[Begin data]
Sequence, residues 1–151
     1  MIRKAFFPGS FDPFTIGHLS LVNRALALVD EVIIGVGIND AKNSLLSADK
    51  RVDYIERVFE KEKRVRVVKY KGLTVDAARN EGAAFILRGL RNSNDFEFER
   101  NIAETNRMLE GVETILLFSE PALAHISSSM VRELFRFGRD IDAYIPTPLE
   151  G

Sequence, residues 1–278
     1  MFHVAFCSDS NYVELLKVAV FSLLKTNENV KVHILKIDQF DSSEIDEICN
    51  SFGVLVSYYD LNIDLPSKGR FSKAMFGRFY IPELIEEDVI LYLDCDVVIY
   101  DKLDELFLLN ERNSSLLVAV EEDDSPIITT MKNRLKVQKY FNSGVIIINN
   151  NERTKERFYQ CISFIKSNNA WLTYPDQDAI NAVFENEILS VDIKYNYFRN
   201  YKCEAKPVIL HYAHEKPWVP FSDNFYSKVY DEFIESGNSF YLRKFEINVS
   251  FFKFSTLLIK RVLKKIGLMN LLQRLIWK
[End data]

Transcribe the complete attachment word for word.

Sequence, residues 1–151
     1  MIRKAFFPGS FDPFTIGHLS LVNRALALVD EVIIGVGIND AKNSLLSADK
    51  RVDYIERVFE KEKRVRVVKY KGLTVDAARN EGAAFILRGL RNSNDFEFER
   101  NIAETNRMLE GVETILLFSE PALAHISSSM VRELFRFGRD IDAYIPTPLE
   151  G

Sequence, residues 1–278
     1  MFHVAFCSDS NYVELLKVAV FSLLKTNENV KVHILKIDQF DSSEIDEICN
    51  SFGVLVSYYD LNIDLPSKGR FSKAMFGRFY IPELIEEDVI LYLDCDVVIY
   101  DKLDELFLLN ERNSSLLVAV EEDDSPIITT MKNRLKVQKY FNSGVIIINN
   151  NERTKERFYQ CISFIKSNNA WLTYPDQDAI NAVFENEILS VDIKYNYFRN
   201  YKCEAKPVIL HYAHEKPWVP FSDNFYSKVY DEFIESGNSF YLRKFEINVS
   251  FFKFSTLLIK RVLKKIGLMN LLQRLIWK